Adding MIDI To An Old Casio Keyboard

Not content to rule the world of digital watches, Casio also dominated the home musical keyboard market in decades past. If you wanted an instrument to make noises that sounded approximately nothing like what they were supposed to be, you couldn’t go past a Casio. [Marwan] had just such a keyboard, and wanted to use it with their PC, but the low-end instrumented lacked MIDI. Of course, such functionality is but a simple hack away.

The hack involved opening up the instrument and wiring the original keyboard matrix to the digital inputs of an Arduino Uno. The keys are read as a simple multiplexed array, and with a little work, [Marwan] had the scheme figured out. With the Arduino now capable of detecting keypresses, [Marwan] whipped up some code to turn this into relevant MIDI data. Then, it was simply a case of reprogramming the Arduino Uno’s ATMega 16U2 USB interface chip to act as a USB-MIDI device, and the hack was complete.

Now, featuring a USB-MIDI interface, it’s easy to use the keyboard to play virtual instruments on any modern PC DAW. As it’s a popular standard, it should work with most tablets and smartphones too, if you’re that way inclined. Of course, if you’re more into modular synthesizers, you might want to think about working with CV instead!

22 thoughts on “Adding MIDI To An Old Casio Keyboard

  1. “I am writing on behalf of CASIO, which is a member of REACT (also known as the Anti-Counterfeiting Network ). REACT actively fights the trade-in counterfeiting products on behalf of its members,” the complaint reads. You are using the name CASIO which is a copyrighted word that belongs to one of our members and we insist that you cease and desist forthwith, or sooner.

    1. Time there was severe criminal and civil penalties for misuse of DMCA, 10 year mandatory minimum custodial sentence for all personnel involved in filing such drivel, $1 million compensation to falsely accused and $1 million fine donated to the EFF.

    2. The article actual use the right words. ““It came to our attention that the below-mentioned repository is using copyrighted source code in order to modify Casio’s copyrighted program.”

      Casio is a trademark. Their source code and their programs are copyrighted. Casio the word itself isn’t copyrighted as that would mean that their name will be public domain one of these days.

    3. Right, this must be more fallout from that massive leak of Casio IP in which all their C and Verilog for 30 years of stuff ended up on Pirate Bay. Oh wait, did that happen? I don’t think that happened. Mandela Effect Confirmed!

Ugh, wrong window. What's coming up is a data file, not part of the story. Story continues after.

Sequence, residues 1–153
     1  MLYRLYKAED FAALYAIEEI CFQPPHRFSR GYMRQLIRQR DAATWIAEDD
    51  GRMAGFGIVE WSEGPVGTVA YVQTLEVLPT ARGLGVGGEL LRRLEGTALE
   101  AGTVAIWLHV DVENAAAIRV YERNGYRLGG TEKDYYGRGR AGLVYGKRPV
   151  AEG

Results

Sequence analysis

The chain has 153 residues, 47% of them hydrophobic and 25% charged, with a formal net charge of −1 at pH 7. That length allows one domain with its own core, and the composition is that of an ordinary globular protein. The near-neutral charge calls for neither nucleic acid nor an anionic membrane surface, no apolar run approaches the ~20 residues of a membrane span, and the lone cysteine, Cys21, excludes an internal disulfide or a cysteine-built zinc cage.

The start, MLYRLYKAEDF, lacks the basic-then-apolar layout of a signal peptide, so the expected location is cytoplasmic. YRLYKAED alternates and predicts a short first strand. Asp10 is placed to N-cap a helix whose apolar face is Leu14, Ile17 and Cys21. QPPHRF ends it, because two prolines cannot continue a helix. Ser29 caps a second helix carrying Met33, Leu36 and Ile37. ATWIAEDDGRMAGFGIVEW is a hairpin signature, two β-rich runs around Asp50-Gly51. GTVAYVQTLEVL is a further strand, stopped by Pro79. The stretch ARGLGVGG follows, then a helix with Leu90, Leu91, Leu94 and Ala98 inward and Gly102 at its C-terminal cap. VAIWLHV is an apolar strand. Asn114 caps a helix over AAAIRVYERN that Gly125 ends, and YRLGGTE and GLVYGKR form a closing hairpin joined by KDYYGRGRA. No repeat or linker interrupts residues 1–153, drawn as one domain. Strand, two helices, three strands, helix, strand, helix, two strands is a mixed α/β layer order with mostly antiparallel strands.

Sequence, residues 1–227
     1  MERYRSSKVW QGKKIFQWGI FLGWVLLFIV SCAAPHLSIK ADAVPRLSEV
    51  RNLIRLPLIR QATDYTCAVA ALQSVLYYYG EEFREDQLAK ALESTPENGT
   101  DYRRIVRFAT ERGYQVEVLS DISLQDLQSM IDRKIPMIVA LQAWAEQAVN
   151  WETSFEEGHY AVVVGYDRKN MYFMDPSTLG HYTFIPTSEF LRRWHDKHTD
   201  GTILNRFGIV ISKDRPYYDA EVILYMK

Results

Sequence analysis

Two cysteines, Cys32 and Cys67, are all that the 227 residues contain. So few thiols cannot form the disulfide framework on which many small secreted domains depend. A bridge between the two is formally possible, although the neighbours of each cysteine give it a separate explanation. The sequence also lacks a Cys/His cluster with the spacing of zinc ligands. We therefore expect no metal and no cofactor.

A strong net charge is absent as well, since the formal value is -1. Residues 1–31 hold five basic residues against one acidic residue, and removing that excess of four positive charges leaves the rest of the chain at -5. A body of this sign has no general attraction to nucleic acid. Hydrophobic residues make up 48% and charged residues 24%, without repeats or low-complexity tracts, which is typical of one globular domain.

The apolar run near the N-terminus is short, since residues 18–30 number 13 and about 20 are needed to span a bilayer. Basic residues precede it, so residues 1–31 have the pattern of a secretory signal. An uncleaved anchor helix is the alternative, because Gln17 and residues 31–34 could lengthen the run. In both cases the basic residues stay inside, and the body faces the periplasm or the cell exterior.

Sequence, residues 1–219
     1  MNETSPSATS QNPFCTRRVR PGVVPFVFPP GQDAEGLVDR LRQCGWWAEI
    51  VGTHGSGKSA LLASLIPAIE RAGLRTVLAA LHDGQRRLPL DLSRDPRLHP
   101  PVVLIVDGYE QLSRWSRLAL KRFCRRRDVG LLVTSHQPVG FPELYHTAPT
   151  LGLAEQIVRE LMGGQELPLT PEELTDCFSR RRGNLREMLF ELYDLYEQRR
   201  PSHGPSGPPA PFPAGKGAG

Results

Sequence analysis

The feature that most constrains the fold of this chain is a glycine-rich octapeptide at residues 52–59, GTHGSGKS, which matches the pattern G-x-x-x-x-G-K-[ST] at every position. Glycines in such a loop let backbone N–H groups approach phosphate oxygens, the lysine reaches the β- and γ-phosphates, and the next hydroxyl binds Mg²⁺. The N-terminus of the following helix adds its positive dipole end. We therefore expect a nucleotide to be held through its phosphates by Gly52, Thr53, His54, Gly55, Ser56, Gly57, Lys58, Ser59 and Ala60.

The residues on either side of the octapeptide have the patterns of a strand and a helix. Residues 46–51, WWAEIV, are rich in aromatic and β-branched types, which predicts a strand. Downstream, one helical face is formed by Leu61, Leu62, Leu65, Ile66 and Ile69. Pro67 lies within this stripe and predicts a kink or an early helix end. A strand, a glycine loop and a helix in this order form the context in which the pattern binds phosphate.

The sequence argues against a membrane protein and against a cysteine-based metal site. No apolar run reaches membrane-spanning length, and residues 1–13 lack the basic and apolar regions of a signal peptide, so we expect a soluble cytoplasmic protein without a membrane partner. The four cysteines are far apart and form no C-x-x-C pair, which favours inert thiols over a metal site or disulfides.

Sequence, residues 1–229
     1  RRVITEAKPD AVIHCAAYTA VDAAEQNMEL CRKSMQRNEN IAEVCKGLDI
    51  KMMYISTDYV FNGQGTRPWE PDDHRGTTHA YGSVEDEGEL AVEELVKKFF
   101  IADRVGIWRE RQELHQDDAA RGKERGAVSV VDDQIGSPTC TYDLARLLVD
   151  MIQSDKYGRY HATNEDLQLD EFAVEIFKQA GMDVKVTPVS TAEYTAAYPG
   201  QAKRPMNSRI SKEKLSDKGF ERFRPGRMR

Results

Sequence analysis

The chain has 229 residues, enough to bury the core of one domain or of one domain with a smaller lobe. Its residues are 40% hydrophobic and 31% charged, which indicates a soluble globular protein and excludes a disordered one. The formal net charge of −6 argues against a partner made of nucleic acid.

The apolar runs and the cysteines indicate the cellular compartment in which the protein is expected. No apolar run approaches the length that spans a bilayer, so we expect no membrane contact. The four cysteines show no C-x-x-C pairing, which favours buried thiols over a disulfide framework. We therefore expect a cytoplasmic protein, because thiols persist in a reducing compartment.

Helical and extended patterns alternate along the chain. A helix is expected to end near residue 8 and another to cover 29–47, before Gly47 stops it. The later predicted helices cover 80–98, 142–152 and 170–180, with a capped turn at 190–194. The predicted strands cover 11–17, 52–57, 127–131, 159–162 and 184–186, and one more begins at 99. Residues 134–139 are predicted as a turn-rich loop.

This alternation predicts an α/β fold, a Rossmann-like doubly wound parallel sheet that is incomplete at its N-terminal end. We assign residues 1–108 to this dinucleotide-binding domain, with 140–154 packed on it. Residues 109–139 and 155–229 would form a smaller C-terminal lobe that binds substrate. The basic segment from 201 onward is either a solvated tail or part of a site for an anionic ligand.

1. Mostly because it’s much harder — note the long, long process it’s been to have a workable electric guitar-to-midi converter, where having a special pickup catch each string worked in the ’80s. And a guitar has the same(ish) waveform to recognize pitches in! Recognizing notes in a polyphonic pileup like a chord is even harder.

      My single-note experiments in this vein have mostly fallen down on latency — the waveform has to be present for a while before the micro I was using decided what pitch it was, and we’re apparently really good at recognizing the delay between hitting a key/string and hearing a note from the software synth you’re trying to control.

  2. But… but… that one mini toy KB had 4-position voice switch and one of them was called “FANTASY” and seemed to belong to a Zelda game. Sorry, I can’t remember anything else except it was a rather light color, almost white or maybe pink.

  3. The cool trick would be to make the keyboard MIDI controlled to play its built in sounds. All this does is make it a generic MIDI input keyboard, which could be done with any old keyboard.

    1. The PT-87 uses hot-swappable ROM for playing a few pre-recorded multitrack songs and the Hitachi ‘SoC’ has a multitimbral, possibly polyphonic synth, even though playing the keys is always mono. At least for that one, there’s a way to push something in– you “only” have to learn the format and (probably) translate from MIDI and make your MCU also hit the play button after it starts up. That’s the strategy, anyway.

    2. On the other side of the coin: this hack could be reused on any non-velocity keyboard, which makes it kinda useful.

      Maybe even more useful than the comedy effect of playing old video game MIDIs on this horrendous thing. Which, granted, would be hella cool.

  4. Thats so cool! Is there any chance of making a tutorial for this? I have a Casio PT – 82 that I want “MIDI-fied”. I don’t really have tech experience but I really want my Casio as a MIDI controller! Any hope for me?

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